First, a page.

The Value of Praise and Recognition in the Workplace

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Why is it important to provide praise and recognition in the workplace? What are the most common excuses for not giving recognition?

In his book Carrots and Sticks Don’t Work, Paul Marciano discusses why praise and recognition in the workplace are so important. When employees feel like their work is valued, they’re happier, they perform better, and the workplace becomes a more positive environment for everyone.

Continue reading to learn the benefits of recognizing your employees’ work.

The Importance of Praise and Recognition

We all desire social belonging and feeling like our efforts are important. Praise and recognition in the workplace, especially from your managers, is a very direct way of achieving this. In his book Carrots and Sticks Don’t Work, author Paul Marciano argues that the ROI of positive feedback is huge – a minute spent on complimenting work can lead to hours of increased productivity. Positive feedback is reinforcement that makes the behavior more likely to happen again, unprompted. 

Managers tend to overestimate how much they give recognition and underestimate how important it is to employees. Imagine that some people keep a positive sticky note from their boss for months – it means that much to them.

Failure to reinforce through recognition actually suppresses behavior – if you assign a project and don’t reward hard work to meet its deadline, the worker is less likely to meet the deadline next time. If you admonish a worker for poor behavior, and the worker corrects it but doesn’t receive positive feedback, she’ll fall back to the bad behavior, for there is less reason to correct it. “You don’t get team members to take initiative by focusing on their lack of initiative.”

People tend to acclimate to repeated signals of one kind, and to notice deviations from the norm. If you only provide negative feedback, the next item of negative feedback gets little novel weight – if the worker tries her best but still gets only complaints, there’s little incentive to change. In contrast, a history of positive feedback will make a major complaint feel explosive and note-worthy. The employee won’t want to disappoint someone who’s signaled satisfaction through positive feedback.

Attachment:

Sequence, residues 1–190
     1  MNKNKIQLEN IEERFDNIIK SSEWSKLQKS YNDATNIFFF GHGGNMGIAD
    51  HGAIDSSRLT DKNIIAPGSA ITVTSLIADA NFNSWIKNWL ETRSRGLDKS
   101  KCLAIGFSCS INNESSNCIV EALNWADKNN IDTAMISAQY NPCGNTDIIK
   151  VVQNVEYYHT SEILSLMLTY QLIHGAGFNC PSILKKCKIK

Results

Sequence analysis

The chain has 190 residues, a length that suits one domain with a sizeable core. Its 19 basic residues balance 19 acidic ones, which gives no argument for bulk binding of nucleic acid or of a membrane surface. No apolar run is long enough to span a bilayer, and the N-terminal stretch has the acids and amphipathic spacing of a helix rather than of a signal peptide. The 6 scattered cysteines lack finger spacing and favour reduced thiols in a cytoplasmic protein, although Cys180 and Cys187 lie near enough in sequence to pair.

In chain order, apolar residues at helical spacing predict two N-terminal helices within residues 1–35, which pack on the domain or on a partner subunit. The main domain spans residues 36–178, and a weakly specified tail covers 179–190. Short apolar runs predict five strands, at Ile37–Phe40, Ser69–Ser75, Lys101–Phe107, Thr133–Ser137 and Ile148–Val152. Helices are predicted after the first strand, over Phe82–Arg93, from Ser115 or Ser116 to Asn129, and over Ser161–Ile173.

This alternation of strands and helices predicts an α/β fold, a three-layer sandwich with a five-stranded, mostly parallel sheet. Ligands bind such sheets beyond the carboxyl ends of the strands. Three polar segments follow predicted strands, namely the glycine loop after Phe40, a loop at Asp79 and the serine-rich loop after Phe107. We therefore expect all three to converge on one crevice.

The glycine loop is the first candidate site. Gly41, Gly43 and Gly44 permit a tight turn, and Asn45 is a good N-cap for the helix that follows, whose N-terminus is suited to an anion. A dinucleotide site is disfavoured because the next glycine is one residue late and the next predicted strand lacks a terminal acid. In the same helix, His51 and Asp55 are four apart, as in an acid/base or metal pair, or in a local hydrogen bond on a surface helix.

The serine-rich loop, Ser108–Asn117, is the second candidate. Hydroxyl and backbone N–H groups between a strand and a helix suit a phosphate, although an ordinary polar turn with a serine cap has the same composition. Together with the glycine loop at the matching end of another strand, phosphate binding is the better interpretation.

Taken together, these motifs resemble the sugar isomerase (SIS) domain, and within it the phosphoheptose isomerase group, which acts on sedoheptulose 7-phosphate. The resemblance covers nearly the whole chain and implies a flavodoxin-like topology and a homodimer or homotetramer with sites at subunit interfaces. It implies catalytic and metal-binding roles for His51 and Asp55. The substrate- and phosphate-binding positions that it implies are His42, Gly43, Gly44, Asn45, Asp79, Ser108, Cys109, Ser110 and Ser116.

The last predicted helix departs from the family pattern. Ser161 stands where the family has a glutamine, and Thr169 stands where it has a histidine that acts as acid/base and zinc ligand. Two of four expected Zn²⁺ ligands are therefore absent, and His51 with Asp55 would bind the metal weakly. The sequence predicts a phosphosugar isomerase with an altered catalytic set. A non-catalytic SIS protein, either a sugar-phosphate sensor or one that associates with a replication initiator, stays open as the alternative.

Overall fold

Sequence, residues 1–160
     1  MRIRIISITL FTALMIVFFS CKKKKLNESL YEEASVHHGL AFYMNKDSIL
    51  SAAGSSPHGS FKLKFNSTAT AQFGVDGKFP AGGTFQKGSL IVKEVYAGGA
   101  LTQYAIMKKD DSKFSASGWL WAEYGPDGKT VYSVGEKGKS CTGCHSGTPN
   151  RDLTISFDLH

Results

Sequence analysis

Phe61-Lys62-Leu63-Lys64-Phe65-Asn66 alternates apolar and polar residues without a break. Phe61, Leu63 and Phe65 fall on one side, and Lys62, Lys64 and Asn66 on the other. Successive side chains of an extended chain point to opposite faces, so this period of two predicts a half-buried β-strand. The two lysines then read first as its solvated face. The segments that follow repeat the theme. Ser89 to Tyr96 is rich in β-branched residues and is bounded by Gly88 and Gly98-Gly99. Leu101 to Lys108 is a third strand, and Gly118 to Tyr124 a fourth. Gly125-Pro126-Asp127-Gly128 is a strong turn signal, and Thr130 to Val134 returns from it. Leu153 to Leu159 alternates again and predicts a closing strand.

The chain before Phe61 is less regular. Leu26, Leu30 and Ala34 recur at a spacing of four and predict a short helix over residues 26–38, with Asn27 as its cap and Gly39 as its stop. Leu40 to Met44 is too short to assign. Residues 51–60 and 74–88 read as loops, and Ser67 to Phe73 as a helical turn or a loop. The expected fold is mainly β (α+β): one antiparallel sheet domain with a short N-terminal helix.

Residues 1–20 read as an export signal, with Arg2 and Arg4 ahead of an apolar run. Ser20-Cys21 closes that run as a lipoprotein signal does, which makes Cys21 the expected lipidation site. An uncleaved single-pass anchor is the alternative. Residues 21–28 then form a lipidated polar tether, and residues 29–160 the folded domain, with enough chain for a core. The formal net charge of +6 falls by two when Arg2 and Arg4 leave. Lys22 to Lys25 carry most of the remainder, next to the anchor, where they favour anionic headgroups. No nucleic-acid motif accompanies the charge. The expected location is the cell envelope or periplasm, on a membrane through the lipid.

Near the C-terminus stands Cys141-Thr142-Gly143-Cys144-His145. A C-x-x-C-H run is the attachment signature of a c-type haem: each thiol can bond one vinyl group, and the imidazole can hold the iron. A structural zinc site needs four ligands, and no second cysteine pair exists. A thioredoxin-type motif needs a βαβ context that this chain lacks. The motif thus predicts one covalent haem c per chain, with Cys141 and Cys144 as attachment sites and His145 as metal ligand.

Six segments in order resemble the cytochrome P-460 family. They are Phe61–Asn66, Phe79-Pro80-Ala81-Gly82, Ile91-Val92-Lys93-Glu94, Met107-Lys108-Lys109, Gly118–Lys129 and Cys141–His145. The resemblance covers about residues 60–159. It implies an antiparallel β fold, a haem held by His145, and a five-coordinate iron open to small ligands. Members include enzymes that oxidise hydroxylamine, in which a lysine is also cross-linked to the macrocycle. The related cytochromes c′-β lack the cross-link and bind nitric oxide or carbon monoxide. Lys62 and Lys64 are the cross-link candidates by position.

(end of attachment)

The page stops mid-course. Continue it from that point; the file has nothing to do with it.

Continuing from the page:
Excuses for Not Giving Recognition

Managers often cite reasons for not recognizing employees:

“Employees shouldn’t be thanked for doing what we pay them to do.”

  • Employee recognition is actually part of your job. Your output is the sum of your subordinates’ output, so increasing that value is your job.

“It’s not in my personality.”

  • It’s not in your personality to brush your teeth either, but you do it because it works.

“I have too many direct reports.”

  • Encourage team leads to reinforce good behavior to fill in for your gaps.
  • Focus your energy on a single theme, to make rewarding behavior across many team members easier.

“I don’t get recognized by my boss. So why should I recognize my reports?”

  • Even if your boss fails, you still need to do your job.
  • Don’t be afraid to ask for recognition and feedback from your supervisor – it’s important for your advancement.

“They never do anything praiseworthy.”

  • Your bar is set too high. Lower your expectations so that people occasionally meet them. Ask people to share experiences with teammates.

Actionables for Recognition

  • Make your feedback effective with these attributes: close in timing, very specific, in person if possible, enthusiastically, and publicly.
  • Tell your reports: “It’s important to me that you feel recognized for your contributions. If you don’t feel I’m doing this, can you bring it to my attention?”
  • Write handwritten notes.
  • When you instruct a teammate to correct an action, when she corrects it, give positive feedback. Omission of feedback will make it seem like you’re not watching.
  • Make the announcement public. Create a wall of great ideas. Share the specific piece of work with the team. Take time during team meetings to publicly acknowledge individuals for their recent good work.
  • Couple positive feedback with nonverbal rewards, like autonomy and growth opportunities.
  • Force yourself to keep reminders to convey positive feedback. Start meetings with round robins of people sharing what they liked about a teammate. Start the day with five pennies in your pocket, and transfer a penny to the other side once you’ve given positive feedback. Set alarms to remind yourself to give feedback.
  • Buy an ad in a local paper to signal a job well done. This public recognition feels really special.
  • Call ad hoc meetings to reward people with positive feedback.
  • Deliver enough positive feedback such that the constructive feedback is high contrast and it stings – people will want to avoid that sting at all costs.
The Value of Praise and Recognition in the Workplace

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  • How to motivate your employees and teammates to do a better job
  • How to know if you're a terrible manager
  • Why the carrot and stick motivation model doesn't work anymore—and what to do instead

Hannah Aster

Hannah graduated summa cum laude with a degree in English and double minors in Professional Writing and Creative Writing. She grew up reading books like Harry Potter and His Dark Materials and has always carried a passion for fiction. However, Hannah transitioned to non-fiction writing when she started her travel website in 2018 and now enjoys sharing travel guides and trying to inspire others to see the world.

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